Partially due to the song’s fame, the comments exchange has been one of the most detailed already in the history of Popular and it’ll doubtless grow. Larger point — if you like what you see, keep track of it, at least dip in from time to time. As what constitutes the ‘charts’ continues to fragment and make less and less immediate sense as such, Tom’s sociomusical history provides a far richer focus to the endless lists.

A little something on Freaky Trigger — Europop 2008!

Tom at FT dropped a line and I’m always happy to publicize his excellent tournaments like this — here’s the page, and here’s the details:

It’s a “pop tournament” we’re running based on the upcoming European Football championships, but no interest in football is required to take part: you just listen to two MP3s and say which you like more!

Have a blast!

Meanwhile over in the UK — “A Bite of Stars, a Slug of Time, and Thou”

I’ve mentioned my love and admiration for the fine crew at Freaky Trigger for a while now, and Mark Sinker of that parish referred me to their newest radio project on Resonance FM, “A Bite of Stars, a Slug of Time, and Thou”:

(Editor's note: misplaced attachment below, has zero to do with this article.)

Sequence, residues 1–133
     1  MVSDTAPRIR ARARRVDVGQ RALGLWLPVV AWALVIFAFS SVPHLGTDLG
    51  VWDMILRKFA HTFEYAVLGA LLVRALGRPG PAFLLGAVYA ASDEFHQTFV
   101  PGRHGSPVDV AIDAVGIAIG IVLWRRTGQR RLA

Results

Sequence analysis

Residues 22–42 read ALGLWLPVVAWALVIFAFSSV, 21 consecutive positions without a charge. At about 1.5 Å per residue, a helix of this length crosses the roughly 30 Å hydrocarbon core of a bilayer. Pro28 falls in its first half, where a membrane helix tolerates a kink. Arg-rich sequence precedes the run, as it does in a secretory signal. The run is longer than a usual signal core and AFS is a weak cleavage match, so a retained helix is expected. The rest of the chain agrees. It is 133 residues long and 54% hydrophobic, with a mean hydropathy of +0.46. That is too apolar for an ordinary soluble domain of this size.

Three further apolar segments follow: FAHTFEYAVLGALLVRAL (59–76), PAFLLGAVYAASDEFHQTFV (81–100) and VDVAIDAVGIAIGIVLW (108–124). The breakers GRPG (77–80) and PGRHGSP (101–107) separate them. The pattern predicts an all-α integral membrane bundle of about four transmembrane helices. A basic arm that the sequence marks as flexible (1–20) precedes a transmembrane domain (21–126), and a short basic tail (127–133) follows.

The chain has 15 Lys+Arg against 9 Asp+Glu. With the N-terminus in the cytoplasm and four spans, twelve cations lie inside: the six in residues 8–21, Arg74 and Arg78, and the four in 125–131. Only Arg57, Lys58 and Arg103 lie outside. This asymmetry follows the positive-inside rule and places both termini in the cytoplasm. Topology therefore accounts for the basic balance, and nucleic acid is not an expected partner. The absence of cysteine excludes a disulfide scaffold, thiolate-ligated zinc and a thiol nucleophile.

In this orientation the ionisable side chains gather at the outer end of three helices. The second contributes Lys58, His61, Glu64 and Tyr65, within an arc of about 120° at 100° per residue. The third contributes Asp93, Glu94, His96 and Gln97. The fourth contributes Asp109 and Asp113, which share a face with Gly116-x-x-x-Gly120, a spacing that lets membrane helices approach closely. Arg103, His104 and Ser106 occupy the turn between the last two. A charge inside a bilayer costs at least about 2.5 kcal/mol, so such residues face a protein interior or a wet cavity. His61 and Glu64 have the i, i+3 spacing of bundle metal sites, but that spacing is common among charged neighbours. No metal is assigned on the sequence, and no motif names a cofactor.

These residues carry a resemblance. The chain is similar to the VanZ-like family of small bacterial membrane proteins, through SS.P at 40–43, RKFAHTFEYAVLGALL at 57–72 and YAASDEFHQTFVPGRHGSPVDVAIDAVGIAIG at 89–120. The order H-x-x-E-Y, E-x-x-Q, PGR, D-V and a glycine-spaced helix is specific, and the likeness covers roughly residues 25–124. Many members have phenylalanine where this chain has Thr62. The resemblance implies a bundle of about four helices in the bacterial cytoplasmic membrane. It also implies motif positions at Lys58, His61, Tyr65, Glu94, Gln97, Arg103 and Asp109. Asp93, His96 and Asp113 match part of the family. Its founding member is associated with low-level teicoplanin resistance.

A Bite of Stars, a Slug of Time, and Thou will delve deep into the science fiction short stories of SF’s Golden and Silver Ages. The pulp and avant-garde writing of c.1935-65 has fallen out of public memory; hosts ELISHA SESSIONS and MARK SINKER and their astounding guests* will return to this forgotten motherlode, once bedrock of the entire field. Eli will read evocative extracts, then quiz Mark and guest on authors, styles, subtexts sexual and political, technique, value, impact and legacy, plus changing fashions and meanings in backdrop, tech and alien allure — and anything else that pops into their pulsating crystalline brain-lobes.

As you can guess, this is perfect grist for the mill for at least one of my regular readers (hi dere QuartzCity!) and doubtless many others as well. Elisha and Mark are a great team and great folks, and this will likely be the most entertainingly informed coverage on this subject for a long time to come. Check it out!

[UPDATE — mostly unrelated but this enjoyable interview today with John Darnielle via io9 touches on sf and other genres as it relates to his work, both musically and in his writing]

Check out Freaky Trigger’s site redesign when you can

Content still the same high quality as ever, but now things look a little different. Loved the old layout and this is a nice variation on it, less a ground-up rewrite than it is a general do-over in terms of look. It’s been a long while since I contributed and I seem to be happily ensconced over here anyway, but working on it was always an honor and privilege and I’m glad to see it thriving as never before; Tom and company continue to be inspiring figures all around.

I’ve been cited in a Strokes biography

There’s something I didn’t expect.

The original piece being referred to can be read here.